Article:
Where Is the Word of God?

By Kay Arthur   •   March 23, 2007

Question, beloved reader: Where is the Word of God? What role does it play in your life daily? Do you think surely there has to be more to knowing God than where you are now spiritually? You are not alone.

And that is why each month you and I are going to learn how to dig into God’s precious, life-giving, life-sustaining Word and discover truth for ourselves.

Last month we saw in Hosea that people were perishing for a lack of knowledge–their lives were distortions of what God meant for them because they had rejected the knowledge of God.

If you did the suggested study of 2 Peter (color-coding all references to knowledge, know and knowing) you saw that God “has granted to us everything pertaining to life and godliness, through the true knowledge of Him who called us by His glory and excellence” (2 Peter 1:3). Isn’t that awesome? Everything we need is found in knowing God! Think about it.

You also saw that it is the knowledge of God that helps us escape the defilements of the world (2 Peter 2:20) and that we are to grow in the knowledge of our Lord and Savior Jesus Christ (2 Peter 3:18).

And where do we find the knowledge of God? In the Word of God. Now with that introduction, let’s dig into God’s Book for ourselves. Remember we want to thoroughly observe the text so we know exactly what God is saying.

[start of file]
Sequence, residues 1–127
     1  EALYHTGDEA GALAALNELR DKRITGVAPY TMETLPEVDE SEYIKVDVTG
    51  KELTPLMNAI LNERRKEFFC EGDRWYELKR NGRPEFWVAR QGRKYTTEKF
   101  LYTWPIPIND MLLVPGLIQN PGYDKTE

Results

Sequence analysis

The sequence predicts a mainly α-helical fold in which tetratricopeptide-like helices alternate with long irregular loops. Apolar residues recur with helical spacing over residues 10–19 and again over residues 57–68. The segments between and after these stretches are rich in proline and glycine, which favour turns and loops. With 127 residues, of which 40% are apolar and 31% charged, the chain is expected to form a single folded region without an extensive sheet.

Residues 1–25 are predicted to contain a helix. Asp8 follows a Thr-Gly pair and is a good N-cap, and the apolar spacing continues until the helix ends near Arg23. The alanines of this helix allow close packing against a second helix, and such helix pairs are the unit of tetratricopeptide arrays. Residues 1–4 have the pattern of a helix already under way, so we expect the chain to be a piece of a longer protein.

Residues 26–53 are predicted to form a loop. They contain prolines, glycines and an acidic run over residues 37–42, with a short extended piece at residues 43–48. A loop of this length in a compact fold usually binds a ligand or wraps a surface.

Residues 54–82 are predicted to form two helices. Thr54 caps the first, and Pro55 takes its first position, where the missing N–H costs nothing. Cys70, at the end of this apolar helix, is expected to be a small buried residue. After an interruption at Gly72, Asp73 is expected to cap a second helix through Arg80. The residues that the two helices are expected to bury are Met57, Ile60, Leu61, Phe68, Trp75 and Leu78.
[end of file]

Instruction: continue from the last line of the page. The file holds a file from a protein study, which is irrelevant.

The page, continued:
Read 2 Kings 22: 1-13. Get out your color coding tools–colored pencils and colored micro pens–and let’s go. (If you don’t have the colors, make the investment.) Use a pencil and underline or circle what I ask you to mark.

  • Underline every reference to Josiah, including pronouns, in blue.
  • Put a green circle around every reference to time. Josiah becomes king in 640 B.C. Write that in your Bible.
  • Color every reference to the house of the Lord in blue.
  • Mark every reference to the book of the law, including pronouns. I draw this symbol in purple and color it green.When you finish reading:
      • List everything you learn about Josiah. As you look at the text, remember you want to ask the 5 Ws and an H (who, what, when, where, why and how). See how many of them are answered about Josiah. For instance, see if the text tells you who Josiah is, what is happening with him, when it is happening and why he is doing what he is doing. How is he going about it?


  • Asking the same questions, find out what the text says about the house of the Lord.
  • What do you learn from marking the various references to the book? The book of the law is a reference to the Torah, the first five books of the Bible: Genesis, Exodus, Leviticus, Numbers and Deuteronomy.
  • Now, stop and think about what you just learned. Let’s do that through a series of questions.
      • Was this the first time Josiah had heard the words of the book of the law? How do you know? How old was he?


  • Where had the book of the law been? Did anyone know where it was?
  • Did you know that when a king came to the throne he was commanded by God to write his own copy of the book of the law? Read Deuteronomy 17:14-20 and you’ll see the what, the why and the how of it. Mark the references to the book, then its importance will pop out to you!